By Paul Okediji
If you’ve lived in Africa before, especially around the middle of the continent, chances are you’ve had malaria before. And it is obvious you survived it, right? Malaria is an illness endemic to this part of the world. It is so common we do not see it in the same light as we see conditions like heart attack or avian influenza. A large percentage of people do not even bother seeing a doctor anymore as they can easily ‘diagnose’ the condition and quickly ‘prescribe’ a couple of medicines to do the job. But do you know that about 219 million cases of malaria are estimated to occur around the world each year and 660,000 individuals die annually from it, particularly pregnant women and children less than five years of age? Sometimes, it is hard to believe that malaria really kills, but it does. There are several evidences to show for this. The numbers tell their own story, and even the cases we see around us are worth having sleepless nights over. The irony of the whole matter is that malaria is an entirely preventable and treatable one.
The main culprit in the transmission of the disease is the Anopheles mosquito, transmitting any of the four identified Plasmodium parasite species between infected and non-infected humans. There have been several strategies directed at reducing the numbers of these biting insects. This is because it is believed that vector control is the most important way to reduce the spread of malaria at the community level. However, mosquitoes swarming in their tens and hundreds are still a relatively common phenomenon in Africa, encouraged by shallow collections of fresh water in puddles and gutters, or around bushes.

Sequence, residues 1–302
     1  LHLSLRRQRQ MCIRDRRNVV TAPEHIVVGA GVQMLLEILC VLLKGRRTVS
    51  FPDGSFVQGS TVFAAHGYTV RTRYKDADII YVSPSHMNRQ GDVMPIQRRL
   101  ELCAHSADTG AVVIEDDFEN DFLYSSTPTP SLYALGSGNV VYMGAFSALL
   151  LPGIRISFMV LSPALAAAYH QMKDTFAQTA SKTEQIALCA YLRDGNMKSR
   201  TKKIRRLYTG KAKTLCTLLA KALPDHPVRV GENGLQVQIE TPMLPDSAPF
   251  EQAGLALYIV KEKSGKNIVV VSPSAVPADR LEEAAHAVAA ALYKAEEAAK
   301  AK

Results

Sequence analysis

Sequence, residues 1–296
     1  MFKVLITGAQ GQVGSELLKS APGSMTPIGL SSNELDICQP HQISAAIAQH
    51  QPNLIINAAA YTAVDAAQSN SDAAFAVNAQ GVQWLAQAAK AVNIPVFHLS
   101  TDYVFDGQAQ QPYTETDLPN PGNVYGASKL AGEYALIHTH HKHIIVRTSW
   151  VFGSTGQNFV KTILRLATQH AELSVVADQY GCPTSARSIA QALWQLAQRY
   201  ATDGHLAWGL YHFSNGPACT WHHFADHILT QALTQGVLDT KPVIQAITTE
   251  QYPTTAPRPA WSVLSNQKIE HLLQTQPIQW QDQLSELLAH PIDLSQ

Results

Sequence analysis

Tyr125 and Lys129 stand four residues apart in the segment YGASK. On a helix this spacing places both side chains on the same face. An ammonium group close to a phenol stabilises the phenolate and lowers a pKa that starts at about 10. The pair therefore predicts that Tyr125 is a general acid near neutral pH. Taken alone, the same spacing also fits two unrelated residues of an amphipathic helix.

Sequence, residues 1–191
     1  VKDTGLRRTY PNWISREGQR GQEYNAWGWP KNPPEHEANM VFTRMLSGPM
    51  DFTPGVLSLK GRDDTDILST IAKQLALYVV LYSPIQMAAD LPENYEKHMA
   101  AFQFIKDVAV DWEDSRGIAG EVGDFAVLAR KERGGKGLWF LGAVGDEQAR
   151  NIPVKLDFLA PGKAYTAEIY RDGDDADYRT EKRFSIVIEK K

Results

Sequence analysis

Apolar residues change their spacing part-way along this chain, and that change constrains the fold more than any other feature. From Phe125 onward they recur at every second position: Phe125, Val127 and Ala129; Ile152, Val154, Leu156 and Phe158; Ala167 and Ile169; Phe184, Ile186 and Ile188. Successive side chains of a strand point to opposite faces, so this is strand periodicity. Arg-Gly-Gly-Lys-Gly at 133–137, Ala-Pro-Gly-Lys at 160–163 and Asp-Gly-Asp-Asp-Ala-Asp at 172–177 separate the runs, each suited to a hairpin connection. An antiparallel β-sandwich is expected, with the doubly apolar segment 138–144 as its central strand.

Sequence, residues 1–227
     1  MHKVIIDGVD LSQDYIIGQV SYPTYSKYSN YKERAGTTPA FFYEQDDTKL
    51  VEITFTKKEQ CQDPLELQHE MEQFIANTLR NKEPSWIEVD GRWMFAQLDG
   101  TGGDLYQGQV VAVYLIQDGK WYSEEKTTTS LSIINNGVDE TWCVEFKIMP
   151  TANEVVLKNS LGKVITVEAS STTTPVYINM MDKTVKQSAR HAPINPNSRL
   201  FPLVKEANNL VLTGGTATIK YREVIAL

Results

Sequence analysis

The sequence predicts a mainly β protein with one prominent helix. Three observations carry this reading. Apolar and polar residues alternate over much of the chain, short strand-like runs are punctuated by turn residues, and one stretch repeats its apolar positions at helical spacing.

The sixth millennium development goal aims at stopping and reducing the incidence of malaria globally. So far, much progress has been made in this regard. Since 2000, malaria mortality has dropped by more than 33%, stemming mainly from stronger prevention and control measures (MDG Report 2012). The efforts of several individuals and organizations need to be commended in this regard as the myriad of policies and strategies for malaria control and elimination seem to be yielding fruits. Examples include The Bill and Melinda Gates Foundation, Malaria Foundation International, UAM, etc. And as a result of these efforts, the use of larvicides, insecticide treated nets, indoor residual spraying techniques, and efficacious antimalarial agents are gradually increasing in most African countries and beyond. This points to the fact that the elimination of malaria is just a matter of time. Malaria would soon become a thing of the past.
Every year since 2007, the 25th day of the fourth month is set aside to highlight the need for continued investment and sustained political commitment for malaria prevention and control. World Malaria Day is a day we need to sit down and re-evaluate our position and our contribution towards making sure that the elimination of malaria becomes a reality. As much as big organizations and corporations are contributing their own quota towards strengthening malaria control efforts, we as individuals need to do our own part. Asides trying to keep our environments unsuitable for the breeding of mosquitoes, we need to also support foundations aimed at developing and implementing solutions to the malaria problem either financially or creating awareness of their efforts.
A lot more still needs to be done. We definitely still have a long way to go, but by investing in our future, we can, and we will beat malaria